A lawyer for WikiLeaks founder Julian Assange says that President Barack Obama hasn’t met Assange’s standards for a promise to face extradition, something WikiLeaks claimed he would do if Obama granted whistleblower Chelsea Manning clemency. Yesterday, Obama commuted Manning's sentence from 35 years to just over seven years, meaning she should be released in May. But according to a statement in The Hill, attorney Barry Pollack says that while Assange “welcomes” the reduction of Manning’s sentence, Obama's actions are “well short of what he sought.”
“Mr. Assange had called for Chelsea Manning to receive clemency and be released immediately,” said Pollack. WikiLeaks announced the deal in a tweet last September, saying that “if Obama grants Manning clemency, Assange will agree to US prison in exchange — despite its clear unlawfulness.” It reiterated the promise earlier this month.
If Obama grants Manning clemency Assange will agree to US extradition despite clear unconstitutionality of DoJ case https://t.co/MZU30SlfGK— WikiLeaks (@wikileaks) January 12, 2017
After yesterday’s news, the WikiLeaks account tweeted another Assange lawyer saying that “everything that he has said he's standing by.” Assange has spent over four years at Ecuador’s embassy in London, where he’s staying to avoid extradition to Sweden for questioning in a sexual assault investigation — and, once in Sweden, possible extradition to the US over his role in releasing a trove of diplomatic cables leaked by Manning in 2010. (Assange has denied the sexual assault charges, and Swedish prosecutors eventually began interviews at Ecuador’s embassy late last year.) While the Department of Justice has previously confirmed it was investigating Assange, it has not filed formal charges against him.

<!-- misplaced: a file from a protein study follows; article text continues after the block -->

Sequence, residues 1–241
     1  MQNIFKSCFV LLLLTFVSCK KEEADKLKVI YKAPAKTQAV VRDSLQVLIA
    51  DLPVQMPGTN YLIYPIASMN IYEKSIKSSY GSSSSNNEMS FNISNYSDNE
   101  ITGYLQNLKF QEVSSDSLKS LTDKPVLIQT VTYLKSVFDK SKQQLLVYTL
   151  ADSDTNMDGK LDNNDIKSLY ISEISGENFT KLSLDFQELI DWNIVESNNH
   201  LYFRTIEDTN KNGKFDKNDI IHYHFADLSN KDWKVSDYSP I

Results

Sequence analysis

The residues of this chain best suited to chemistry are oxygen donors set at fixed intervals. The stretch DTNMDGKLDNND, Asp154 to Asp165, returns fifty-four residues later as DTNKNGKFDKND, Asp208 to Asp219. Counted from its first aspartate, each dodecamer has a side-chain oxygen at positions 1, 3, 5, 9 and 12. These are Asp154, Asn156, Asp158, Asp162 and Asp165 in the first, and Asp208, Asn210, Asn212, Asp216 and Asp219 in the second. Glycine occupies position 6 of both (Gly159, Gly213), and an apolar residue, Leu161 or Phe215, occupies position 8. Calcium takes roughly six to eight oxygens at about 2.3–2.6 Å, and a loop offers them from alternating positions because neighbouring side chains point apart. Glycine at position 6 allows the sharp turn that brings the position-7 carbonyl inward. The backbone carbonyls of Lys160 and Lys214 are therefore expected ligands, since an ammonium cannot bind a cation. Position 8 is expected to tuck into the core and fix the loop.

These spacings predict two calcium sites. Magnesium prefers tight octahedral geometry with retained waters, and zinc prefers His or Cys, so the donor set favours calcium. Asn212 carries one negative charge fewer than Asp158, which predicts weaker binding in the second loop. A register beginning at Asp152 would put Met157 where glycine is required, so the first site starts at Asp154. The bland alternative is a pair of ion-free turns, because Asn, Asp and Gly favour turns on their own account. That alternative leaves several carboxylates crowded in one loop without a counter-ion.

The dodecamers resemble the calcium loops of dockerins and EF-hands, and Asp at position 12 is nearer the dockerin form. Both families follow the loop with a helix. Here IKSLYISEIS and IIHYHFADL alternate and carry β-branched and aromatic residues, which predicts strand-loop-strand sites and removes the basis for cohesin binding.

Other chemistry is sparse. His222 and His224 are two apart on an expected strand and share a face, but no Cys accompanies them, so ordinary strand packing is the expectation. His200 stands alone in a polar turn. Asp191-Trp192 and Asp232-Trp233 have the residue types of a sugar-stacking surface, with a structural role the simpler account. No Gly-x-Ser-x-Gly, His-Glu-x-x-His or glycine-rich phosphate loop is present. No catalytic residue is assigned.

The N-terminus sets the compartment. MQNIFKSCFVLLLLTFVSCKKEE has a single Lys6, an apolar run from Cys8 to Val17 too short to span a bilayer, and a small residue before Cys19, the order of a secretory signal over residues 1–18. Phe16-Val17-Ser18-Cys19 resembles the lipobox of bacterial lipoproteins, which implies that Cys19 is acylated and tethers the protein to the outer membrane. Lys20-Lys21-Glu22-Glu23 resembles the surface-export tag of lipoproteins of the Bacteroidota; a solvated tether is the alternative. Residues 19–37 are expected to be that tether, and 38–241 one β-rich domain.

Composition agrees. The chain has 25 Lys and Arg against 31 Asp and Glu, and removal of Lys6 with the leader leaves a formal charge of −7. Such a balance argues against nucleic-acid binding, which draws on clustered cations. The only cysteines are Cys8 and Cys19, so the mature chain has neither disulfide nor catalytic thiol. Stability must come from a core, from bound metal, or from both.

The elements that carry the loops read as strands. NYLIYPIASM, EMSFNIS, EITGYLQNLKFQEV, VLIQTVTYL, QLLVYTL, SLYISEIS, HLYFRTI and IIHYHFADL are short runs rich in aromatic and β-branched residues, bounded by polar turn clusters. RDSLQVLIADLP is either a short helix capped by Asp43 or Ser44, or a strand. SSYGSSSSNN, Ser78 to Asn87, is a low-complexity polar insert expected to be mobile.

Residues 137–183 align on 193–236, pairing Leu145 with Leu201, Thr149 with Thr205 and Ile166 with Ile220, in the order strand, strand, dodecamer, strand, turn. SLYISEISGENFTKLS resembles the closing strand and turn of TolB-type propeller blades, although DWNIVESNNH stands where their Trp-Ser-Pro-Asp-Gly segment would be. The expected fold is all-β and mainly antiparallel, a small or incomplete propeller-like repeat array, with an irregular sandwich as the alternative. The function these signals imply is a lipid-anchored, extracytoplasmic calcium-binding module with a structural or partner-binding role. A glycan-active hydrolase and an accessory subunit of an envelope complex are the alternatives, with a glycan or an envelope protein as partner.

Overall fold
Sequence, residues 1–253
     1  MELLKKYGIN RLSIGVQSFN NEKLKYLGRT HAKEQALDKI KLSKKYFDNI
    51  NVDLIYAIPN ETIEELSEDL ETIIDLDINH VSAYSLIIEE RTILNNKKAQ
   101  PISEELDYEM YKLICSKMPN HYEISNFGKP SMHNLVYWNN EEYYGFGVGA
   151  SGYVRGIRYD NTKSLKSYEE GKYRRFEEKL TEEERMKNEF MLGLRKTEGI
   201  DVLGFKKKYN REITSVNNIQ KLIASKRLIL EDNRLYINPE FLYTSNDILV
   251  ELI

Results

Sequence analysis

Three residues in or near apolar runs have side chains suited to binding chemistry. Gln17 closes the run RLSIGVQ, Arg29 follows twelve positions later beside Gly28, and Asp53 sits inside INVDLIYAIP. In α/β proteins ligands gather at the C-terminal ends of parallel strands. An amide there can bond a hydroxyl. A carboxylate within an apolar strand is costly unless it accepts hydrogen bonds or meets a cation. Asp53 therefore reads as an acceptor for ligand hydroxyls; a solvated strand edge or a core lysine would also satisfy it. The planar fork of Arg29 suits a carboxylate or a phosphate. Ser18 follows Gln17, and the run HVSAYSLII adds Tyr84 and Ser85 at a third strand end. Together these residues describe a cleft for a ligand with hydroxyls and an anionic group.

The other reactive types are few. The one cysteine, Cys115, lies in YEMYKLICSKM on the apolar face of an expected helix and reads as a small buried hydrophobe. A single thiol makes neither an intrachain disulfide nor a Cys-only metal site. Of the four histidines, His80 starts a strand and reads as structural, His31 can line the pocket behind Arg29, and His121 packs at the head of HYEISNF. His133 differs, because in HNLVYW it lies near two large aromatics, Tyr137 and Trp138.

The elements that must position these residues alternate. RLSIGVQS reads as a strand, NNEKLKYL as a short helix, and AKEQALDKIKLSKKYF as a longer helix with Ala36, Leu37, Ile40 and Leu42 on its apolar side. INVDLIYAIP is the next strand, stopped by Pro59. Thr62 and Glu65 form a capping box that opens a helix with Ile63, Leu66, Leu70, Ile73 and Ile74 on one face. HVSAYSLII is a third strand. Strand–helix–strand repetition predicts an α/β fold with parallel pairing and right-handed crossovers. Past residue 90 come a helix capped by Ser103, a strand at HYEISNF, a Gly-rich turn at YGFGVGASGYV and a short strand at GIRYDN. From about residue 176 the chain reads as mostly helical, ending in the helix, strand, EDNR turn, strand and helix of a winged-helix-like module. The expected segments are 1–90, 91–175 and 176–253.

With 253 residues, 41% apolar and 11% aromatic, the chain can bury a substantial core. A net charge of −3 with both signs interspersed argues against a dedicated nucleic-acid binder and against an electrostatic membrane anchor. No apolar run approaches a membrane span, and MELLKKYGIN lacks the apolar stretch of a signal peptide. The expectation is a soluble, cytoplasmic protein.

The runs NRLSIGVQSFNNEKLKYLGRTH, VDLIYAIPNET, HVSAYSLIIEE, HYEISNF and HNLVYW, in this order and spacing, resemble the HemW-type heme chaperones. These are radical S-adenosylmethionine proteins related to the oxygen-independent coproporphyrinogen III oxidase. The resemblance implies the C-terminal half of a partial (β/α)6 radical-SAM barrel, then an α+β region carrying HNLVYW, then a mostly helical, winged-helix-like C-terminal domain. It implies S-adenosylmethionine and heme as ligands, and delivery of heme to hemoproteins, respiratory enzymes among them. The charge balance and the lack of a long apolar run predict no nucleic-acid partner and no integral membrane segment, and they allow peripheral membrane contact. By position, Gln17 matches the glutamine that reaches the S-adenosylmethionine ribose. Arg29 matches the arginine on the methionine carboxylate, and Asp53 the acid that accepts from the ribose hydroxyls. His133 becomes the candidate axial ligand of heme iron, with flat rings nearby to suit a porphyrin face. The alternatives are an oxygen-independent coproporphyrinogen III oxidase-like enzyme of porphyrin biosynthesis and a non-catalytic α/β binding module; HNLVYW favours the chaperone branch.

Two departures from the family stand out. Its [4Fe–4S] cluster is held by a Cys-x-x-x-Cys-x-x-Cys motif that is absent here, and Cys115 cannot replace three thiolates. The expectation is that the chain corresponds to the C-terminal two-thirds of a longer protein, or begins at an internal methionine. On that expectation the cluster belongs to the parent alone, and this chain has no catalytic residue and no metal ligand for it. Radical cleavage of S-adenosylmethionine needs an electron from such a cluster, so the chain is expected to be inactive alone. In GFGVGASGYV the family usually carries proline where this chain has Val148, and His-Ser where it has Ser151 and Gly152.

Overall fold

Obama’s actions met the demand WikiLeaks laid on on Twitter: while he didn’t grant Manning a full pardon, commuting a sentence is a form of executive clemency, by the Department of Justice’s definition. Neither WikiLeaks message mentioned an immediate release as part of the deal. And a recent tweet suggests that the offer to face extradition still stands in some form, although the conditions are more nebulous. “Assange is still happy to come to the US provided all his rights are guarenteed [sic] despite White House now saying Manning was not quid-quo-pro,” WikiLeaks wrote this morning. We asked for clarification via Twitter and email, but are still awaiting a response.
WikiLeaks released a statement last night that
“I welcome President Obama’s decision to commute the sentence of my alleged source Ms. Chelsea Manning from 35 years to time served. Ms. Manning should never have been convicted in the first place. Ms. Manning is a hero, whose bravery should be applauded. Journalists, publishers, and their sources serve the public interest and promote democracy by distributing authentic information on key matters such as human rights abuses and illegal acts by government officials. They should not be prosecuted. If democracy and the rule of law are to thrive, the Obama administration's war on whistleblowers and publishers, which has seen more prosecutions than all previous presidents combined, including against myself, my organization and my alleged sources, must come to an end."